The announcement comes in the wake of the recall of more than 1.5 million vehicles in Canada in connection with Japanese car part manufacturer Takata. Takata airbag inflators can explode and send metal fragments into the passenger compartment.
Unlike U.S. regulators which have the ability to mandate recalls, Transport Canada relies on voluntary actions from automakers. Vehicle manufacturers are responsible for carrying out recall campaigns, not parts suppliers, nor Transport Canada.
But they must notify Transport Canada when they become aware of safety defects.
"If we compare the system here in Canada with the one in the U.S. their regulatory body has been more proactive going out there issuing fines to manufacturers," Hoang Mai, MP for Brossard and the NDP's transport critic said recently. "Whereas here in Canada [the] government is just reacting to the what the U.S. is doing without going forward."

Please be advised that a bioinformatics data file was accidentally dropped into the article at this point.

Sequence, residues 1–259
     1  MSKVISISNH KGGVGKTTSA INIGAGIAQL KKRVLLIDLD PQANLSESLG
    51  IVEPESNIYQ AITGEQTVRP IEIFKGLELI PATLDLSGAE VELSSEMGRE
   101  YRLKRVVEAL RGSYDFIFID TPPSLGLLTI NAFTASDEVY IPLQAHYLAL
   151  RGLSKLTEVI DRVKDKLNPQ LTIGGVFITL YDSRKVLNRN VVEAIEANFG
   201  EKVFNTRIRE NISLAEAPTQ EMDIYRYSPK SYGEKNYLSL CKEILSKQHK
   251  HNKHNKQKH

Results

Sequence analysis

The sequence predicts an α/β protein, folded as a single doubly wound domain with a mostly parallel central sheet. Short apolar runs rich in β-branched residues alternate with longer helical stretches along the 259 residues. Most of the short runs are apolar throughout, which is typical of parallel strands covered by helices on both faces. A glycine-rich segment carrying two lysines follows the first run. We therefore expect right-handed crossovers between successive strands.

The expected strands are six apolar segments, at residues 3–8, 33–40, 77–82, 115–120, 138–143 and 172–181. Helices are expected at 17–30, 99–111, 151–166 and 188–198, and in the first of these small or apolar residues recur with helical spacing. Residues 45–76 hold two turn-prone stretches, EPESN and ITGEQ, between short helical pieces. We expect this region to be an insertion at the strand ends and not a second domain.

"There is clearly a lack of regulatory oversight here in Canada."
Canadian auto recalls hit an all-time high last year, with more than eight million vehicles affected. Automakers issued nearly 600 recall notices on Canadian vehicles in 2014, according to data obtained from Transport Canada.